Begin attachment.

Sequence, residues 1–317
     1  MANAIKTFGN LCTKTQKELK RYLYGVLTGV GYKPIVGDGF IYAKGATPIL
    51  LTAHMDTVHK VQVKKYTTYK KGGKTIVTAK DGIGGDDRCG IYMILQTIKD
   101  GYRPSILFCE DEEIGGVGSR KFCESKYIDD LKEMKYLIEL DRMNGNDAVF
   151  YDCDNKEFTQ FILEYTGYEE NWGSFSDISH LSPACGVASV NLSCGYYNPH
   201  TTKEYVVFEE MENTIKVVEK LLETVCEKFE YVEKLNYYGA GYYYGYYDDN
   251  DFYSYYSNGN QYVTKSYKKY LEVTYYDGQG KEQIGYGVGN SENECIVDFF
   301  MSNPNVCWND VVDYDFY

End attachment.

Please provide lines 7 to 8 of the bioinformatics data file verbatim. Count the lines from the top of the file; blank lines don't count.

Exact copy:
   251  DFYSYYSNGN QYVTKSYKKY LEVTYYDGQG KEQIGYGVGN SENECIVDFF
   301  MSNPNVCWND VVDYDFY